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Village Vision News

Trustees consider changes to healthcare benefits for Village employees

Thursday, March 01, 2012

A 30 percent rise in healthcare premiums has led trustees to consider changing the Village’s longstanding practice of paying 100 percent of healthcare premiums for full-time employees and their dependents. Vision and dental services are included in the overall healthcare package currently provided.

Following intense discussion among five trustees at the Feb. 21 Board meeting (trustee Eric Morr was absent due to illness) and participation from several residents in the audience, trustees voted 3-2 in favor of directing the Village administrator to revise the 2012-13 draft budget to reflect the concept of employees bearing 20 percent of the health insurance premium costs for themselves and their dependents. Twelve employees would be affected by any change, which is expected to be implemented for the new fiscal year beginning May 1, 2012. Trustees also advised Village Administrator Heather Kimmons that long term they envision holding employees completely responsible for the cost of their dependents’ health insurance premiums.

“We’re being more than fair to our employees,” said trustee Bob Rasho, who reminded trustees of additional employee benefits, such as a municipal retirement plan to which the Village contributes 11.79 percent compared to an employee contribution of 4.5 percent.

Opposition to the entire concept came from trustee Steve Hubbard who joined trustee Larry Reed in voting “no” to the motion advanced by Rasho and supported by trustees Marilyn Johnson and Kerstin Trachtenberg. Said Reed prior to the vote: “Everybody agrees we have a problem … it’s just a matter of how we take care of it.” He asked that the amount of healthcare coverage provided by the Village be diminished over a longer period of time and further stated that he had “…no problem with the goal … it’s just should we do it all at once?” Hubbard offered the suggestion to “…offset the cost of healthcare with an increase in [employee] salary.”

Rasho originally suggested a 3 percent merit raise increase to be distributed at the discretion of the Village administrator in his original motion. Following Board consensus to make it a separate motion, it passed in a 4-1 vote with Trustees Reed again casting the sole “no” vote.

Kimmons said healthcare coverage for employees has been “the subject of much angst.” Prior to the Board’s decision, she proposed the Village continue to pay 100 percent coverage for its full-time employees and offer as a” best alternative” what she considered as “still a good deal for our employees” by having employees themselves contribute 25 percent towards any dependent coverage they elect.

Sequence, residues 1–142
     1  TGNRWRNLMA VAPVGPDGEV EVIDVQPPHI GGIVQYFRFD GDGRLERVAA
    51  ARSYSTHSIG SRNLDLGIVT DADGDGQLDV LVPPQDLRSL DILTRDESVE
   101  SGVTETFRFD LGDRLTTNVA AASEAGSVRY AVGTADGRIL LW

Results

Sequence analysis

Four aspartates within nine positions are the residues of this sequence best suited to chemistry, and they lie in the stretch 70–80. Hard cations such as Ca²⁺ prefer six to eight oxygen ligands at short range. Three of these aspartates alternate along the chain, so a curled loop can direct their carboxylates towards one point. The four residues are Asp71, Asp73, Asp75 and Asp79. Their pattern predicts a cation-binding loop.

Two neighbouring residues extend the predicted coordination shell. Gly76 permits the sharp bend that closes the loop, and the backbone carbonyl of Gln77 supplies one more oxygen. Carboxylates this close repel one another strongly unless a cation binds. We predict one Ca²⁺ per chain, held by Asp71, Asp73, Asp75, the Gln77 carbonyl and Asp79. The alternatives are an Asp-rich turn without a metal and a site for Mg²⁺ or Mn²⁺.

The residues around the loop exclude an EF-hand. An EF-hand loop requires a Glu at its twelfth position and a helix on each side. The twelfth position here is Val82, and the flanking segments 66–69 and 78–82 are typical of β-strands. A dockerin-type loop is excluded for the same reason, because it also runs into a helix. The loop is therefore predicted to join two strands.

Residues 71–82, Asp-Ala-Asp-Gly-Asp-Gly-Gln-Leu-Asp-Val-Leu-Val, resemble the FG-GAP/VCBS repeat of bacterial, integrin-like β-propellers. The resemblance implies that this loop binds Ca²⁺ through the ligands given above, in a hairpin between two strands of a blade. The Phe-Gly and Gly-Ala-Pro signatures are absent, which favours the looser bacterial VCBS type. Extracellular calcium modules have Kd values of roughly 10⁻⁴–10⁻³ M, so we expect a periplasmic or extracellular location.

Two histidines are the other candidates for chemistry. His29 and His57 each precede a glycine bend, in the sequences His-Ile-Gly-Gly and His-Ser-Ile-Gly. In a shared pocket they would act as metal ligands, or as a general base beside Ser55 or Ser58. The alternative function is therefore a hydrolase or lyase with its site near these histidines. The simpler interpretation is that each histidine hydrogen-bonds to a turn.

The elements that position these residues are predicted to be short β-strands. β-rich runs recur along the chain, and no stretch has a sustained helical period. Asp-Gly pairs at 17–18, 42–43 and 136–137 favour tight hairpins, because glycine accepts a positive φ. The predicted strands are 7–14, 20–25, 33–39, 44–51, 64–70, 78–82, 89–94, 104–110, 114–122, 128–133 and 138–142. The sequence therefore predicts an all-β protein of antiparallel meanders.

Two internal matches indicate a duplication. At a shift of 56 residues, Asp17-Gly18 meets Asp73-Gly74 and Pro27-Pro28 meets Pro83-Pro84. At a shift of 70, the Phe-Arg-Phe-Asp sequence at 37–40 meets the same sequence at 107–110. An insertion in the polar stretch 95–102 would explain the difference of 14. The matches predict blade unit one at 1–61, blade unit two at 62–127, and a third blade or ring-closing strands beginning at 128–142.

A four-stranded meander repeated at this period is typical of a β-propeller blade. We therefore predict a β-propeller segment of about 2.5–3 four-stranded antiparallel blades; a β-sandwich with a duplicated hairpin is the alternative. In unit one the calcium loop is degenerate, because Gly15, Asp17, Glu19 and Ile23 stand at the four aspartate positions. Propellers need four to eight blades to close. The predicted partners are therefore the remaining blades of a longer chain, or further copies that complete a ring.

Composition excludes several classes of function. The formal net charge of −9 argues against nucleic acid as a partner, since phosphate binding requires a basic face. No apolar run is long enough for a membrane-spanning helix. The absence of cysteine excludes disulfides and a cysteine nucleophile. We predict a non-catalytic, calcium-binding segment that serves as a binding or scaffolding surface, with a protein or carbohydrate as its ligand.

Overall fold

“Allow us to budget a 5 percent salary increase across the board … give them [employees] a wage adjustment to make it more livable for them,” Kimmons advocated. She noted that, based upon raw numbers, an employee’s compensation could be affected by as much as 12 percent, while the majority of the 12 employees would tend to see a wage decrease in the 3-4 percent range with the benefit change she had proposed.

The issue of what to do about employee healthcare benefits took precedence as a priority at an earlier Board meeting. At that meeting, trustees reviewed a first draft of the 2012- 13 operating and maintenance budget and noted a proposed 12 percent increase for healthcare benefits as well as a 5 percent raise in employee wages/salaries.

Subsequently, Village Administrator Heather Kimmons learned from the Village’s insurance broker that premium costs with the Village’s current insurer have increased 30 percent. “This is a significant increase and will cause us to have to look at higher deductibles, alternate providers and healthcare savings plans,” she said.

Employee benefits first came under scrutiny a year ago when members of the now defunct Finance Committee expressed surprise that the Village was paying 100 percent of its full-time employees’ healthcare coverage. No changes were made at that time because of the research needed. Kimmons alerted trustees then that a commensurate raise in wages for most employees had to be considered if the benefits were to be reduced. Last September, five key employees had merited salary increases based on their job performances, and soon thereafter department heads conducted other employee evaluations for merit salary increases where deemed appropriate.

In suggesting that up to a 5 percent salary increase be budgeted for the new fiscal year, Kimmons classified that figure as “more than customary” but justified its inclusion by saying “…to avoid creating undue hardship to our employees, [we] should have something extra built in there because of the healthcare costs which employees would now be expected to pay out of pocket.” Mayor Hap Gilbert did not specify the amount, but said he was in favor of a raise for employees while having them pay for some portion of their healthcare insurance.

During that earlier budget discussion, Trustee Eric Morr had suggested a co-pay for using the services. “It puts the burden on the people who use the system,” he said. Trustee Steve Hubbard suggested instituting a high deductible. “The Village puts in X amount … [and] the employee puts in X amount because it’s their health. The first $3,000 goes against the deductible … it rewards people who don’t use it, and it saves quite a bit of money,” Hubbard said.

Kimmons said many counties and municipalities are re-examining employee benefits. She said it is not uncommon to see 100 percent coverage for employees and 50 to 75 percent for their dependents. “We [Forsyth] stand out since we pay 100 percent for dependents,” she said.

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